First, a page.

Sean of sssighborgg has got a couple of interesting concert series going with more interesting ideas just waiting to get out. We’ve already addressed the Round Robin series here at Indieful ROK, and Mark posted on the Nosaj Thing mini-Korea tour (through booking company Super Color Super) at Korea Gig Guide a few days ago. Since I’ve been curious to learn more on what the live scenes of Korea are actually like, when given the opportunity I thought Sean would be just the guy to ask:
What sets the live scene in Seoul apart from that of other large cities in the world?
Seoul is bigger than San Francisco, but the scene is staggeringly underdeveloped, especially for all the technology and access to the internet at Korean’s fingertips. The resultant live scene is like a Of Mice and Men- brain-stunted, man-child brute who tips over a strawberry stand to get a breakfast snack. I just mean to say it’s a little paralyzed despite all the people and resources at hand.
What’s your impression of the live scene in the rest of Korea?
As crazed for vivid new music Seoul is, people elsewhere in Korea are 10 times worse/better. When ssighborggg gets out to Daegu and Busan or other bands get out there, people seem really interested and stoked on music. More bands should go outside of Seoul to see it.
What are some typical concert goer stereotypes in Korea?
This is a really good question for me to make an ass of myself:
* Camera dude who leaves his blog to go take pictures to add to his blog
* Wooooooo Guy (found worldwide)
* Sensitive brooding dude/lady who doesn’t say a word to anyone, occasionally discretely sends a text message every now and again in the corner.
* Scarf couple: they are older, know tons about music, like to chill out and wear scarves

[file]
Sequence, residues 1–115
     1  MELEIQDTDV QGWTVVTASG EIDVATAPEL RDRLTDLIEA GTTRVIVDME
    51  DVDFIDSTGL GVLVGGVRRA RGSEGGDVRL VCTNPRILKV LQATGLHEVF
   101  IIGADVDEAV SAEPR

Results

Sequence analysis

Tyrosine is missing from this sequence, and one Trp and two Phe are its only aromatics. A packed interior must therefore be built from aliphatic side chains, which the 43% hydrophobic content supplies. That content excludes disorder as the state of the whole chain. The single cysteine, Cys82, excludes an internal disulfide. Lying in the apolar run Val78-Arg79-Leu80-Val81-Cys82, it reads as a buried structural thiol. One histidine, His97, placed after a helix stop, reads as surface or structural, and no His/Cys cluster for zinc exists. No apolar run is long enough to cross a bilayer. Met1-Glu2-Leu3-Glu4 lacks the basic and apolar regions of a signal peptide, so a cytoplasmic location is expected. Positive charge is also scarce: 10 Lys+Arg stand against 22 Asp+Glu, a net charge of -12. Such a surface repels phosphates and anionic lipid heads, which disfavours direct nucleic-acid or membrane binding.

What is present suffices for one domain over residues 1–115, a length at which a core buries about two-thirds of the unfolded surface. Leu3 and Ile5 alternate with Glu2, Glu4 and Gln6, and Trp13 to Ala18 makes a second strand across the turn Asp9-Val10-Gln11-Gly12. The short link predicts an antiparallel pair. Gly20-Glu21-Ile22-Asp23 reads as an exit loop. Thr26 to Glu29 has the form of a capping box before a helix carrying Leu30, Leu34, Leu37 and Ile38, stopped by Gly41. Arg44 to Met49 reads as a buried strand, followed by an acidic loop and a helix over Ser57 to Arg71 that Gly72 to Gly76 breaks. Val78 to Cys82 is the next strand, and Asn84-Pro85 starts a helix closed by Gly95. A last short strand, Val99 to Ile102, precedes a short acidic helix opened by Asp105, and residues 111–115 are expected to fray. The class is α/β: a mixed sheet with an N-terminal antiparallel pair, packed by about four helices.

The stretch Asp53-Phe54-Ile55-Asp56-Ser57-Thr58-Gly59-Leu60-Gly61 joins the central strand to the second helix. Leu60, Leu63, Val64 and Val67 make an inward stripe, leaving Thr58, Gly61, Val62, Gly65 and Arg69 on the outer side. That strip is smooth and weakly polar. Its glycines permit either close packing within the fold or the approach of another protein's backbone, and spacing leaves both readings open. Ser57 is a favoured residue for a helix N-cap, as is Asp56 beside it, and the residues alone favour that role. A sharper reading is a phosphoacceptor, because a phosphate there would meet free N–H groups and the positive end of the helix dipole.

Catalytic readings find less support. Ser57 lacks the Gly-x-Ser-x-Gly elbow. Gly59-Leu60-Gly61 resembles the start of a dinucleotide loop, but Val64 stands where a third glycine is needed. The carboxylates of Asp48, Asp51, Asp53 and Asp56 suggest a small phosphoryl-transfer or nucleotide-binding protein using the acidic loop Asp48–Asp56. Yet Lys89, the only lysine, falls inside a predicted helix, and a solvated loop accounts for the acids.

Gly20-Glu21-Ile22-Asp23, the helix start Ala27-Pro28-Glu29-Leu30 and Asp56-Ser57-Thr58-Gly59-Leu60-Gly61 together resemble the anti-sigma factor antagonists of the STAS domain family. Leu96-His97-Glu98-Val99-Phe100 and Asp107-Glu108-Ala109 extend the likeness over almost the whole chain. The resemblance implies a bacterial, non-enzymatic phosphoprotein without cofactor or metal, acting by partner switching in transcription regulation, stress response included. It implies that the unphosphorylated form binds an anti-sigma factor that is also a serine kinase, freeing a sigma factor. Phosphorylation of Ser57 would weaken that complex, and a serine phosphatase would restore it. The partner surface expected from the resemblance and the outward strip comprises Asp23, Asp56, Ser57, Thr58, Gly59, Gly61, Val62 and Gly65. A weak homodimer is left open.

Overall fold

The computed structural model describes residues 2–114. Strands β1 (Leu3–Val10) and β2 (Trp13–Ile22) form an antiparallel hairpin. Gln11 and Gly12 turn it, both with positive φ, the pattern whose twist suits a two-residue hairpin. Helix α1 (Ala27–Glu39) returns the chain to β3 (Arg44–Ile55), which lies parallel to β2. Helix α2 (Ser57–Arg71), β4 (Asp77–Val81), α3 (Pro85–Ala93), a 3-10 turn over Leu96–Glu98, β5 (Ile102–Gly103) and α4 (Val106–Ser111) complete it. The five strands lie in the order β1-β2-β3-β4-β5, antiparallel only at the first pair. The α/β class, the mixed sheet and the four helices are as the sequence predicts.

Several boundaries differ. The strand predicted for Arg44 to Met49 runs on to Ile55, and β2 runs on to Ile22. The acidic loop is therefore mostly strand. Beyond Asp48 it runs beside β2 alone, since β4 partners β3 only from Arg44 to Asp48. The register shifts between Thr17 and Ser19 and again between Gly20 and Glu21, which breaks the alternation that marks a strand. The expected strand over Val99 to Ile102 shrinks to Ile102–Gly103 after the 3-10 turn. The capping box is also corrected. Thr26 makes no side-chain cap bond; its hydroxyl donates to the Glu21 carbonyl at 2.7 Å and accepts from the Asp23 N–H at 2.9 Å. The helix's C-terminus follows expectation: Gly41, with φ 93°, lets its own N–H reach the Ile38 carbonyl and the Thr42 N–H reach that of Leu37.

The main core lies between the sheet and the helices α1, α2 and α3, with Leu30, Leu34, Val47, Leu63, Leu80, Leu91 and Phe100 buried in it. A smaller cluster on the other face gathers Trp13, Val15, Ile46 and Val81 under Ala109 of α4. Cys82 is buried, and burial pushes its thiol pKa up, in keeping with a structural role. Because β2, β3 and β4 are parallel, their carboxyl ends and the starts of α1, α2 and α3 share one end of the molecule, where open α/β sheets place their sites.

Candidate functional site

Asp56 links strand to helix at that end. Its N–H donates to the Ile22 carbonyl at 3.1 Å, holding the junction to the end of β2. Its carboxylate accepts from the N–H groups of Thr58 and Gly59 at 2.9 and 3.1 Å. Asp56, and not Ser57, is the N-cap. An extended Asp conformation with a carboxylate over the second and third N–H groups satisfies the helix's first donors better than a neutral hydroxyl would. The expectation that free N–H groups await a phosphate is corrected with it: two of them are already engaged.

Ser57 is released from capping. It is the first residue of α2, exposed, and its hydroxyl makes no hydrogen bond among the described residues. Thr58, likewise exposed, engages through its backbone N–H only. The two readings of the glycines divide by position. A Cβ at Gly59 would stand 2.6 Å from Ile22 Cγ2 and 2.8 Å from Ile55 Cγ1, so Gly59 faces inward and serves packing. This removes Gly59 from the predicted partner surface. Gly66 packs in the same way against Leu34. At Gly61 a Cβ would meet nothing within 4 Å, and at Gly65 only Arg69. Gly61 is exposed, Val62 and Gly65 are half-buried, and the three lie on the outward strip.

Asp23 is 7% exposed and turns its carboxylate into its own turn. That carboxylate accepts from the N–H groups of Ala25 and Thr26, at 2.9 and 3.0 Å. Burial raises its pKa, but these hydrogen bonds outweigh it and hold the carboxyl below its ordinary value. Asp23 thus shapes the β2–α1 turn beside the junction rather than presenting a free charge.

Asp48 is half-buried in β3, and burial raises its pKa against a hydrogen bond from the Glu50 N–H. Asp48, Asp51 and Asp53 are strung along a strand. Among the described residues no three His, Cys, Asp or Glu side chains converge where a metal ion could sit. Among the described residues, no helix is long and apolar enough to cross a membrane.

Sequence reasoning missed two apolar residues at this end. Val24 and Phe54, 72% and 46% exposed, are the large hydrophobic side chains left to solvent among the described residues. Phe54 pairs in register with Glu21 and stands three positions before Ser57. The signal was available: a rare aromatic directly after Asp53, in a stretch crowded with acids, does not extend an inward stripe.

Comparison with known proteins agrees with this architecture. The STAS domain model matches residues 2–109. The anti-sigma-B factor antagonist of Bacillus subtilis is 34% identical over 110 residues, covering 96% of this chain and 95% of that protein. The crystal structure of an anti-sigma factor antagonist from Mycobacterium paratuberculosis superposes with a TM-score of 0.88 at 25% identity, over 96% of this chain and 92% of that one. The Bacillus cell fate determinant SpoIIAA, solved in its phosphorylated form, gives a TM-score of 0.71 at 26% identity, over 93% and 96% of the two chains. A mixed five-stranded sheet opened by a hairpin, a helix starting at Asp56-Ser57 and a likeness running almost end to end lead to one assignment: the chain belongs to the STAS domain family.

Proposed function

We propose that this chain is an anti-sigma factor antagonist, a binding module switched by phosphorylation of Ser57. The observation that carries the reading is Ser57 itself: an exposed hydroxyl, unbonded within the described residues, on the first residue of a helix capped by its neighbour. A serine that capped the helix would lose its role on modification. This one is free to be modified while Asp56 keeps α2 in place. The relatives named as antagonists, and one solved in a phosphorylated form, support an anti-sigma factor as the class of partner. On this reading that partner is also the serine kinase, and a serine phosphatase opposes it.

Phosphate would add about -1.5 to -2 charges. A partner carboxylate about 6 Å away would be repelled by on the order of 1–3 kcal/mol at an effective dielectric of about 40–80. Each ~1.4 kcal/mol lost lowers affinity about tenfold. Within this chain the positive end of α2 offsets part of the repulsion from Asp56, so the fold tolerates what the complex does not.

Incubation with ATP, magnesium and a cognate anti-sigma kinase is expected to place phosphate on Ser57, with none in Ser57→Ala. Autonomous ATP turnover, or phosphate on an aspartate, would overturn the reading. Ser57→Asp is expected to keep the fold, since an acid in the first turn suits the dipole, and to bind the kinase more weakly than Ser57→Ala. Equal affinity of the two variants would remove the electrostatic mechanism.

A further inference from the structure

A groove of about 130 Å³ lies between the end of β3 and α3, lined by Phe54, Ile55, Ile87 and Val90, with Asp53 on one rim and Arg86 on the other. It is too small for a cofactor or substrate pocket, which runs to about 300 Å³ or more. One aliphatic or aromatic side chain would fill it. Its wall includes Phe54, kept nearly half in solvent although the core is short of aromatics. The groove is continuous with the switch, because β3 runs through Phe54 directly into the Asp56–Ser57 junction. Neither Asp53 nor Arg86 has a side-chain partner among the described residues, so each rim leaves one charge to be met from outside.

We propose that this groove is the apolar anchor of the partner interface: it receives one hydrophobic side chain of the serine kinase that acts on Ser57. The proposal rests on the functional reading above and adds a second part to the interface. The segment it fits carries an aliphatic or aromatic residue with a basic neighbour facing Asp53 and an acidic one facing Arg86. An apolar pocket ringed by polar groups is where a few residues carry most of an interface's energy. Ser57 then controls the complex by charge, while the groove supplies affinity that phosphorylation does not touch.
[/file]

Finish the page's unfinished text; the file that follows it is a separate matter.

* ESL Teacher Scenester- He’s seen it all back home, he’s an aspring X artist- never really made at that but still claims it as identity/means of ego broadcasting/security.
*Elf Girls- really pretty foreign/korean girls who look like elves and also play harps and piano more proficiently than the band on stage but are too humble to admit it.
*Party People!!! “This is the hot party Im not sure what we are hearing or watching but PartyPartyPartyBARRRRRFF (sadness)”
You actively work to make non-Korean bands and musicians meet and play with Korean acts. What would be your favorite combo?
I kind of don’t think of Korean versus foreign. I like good bands, like the better Korean acts and the international touring bands, I’m just a slave to my tastes. Logistically, I like it when international touring bands share a line-up with Korean acts.
The most ideal situation would be real connection between outside/inside projects, bands of mixed memberships or like a collaborative album/performance, with like both bands following in on their own aeshetics sound and not just following the lead of the others’. That type of creation will lead to more Korean bands leaving Korea.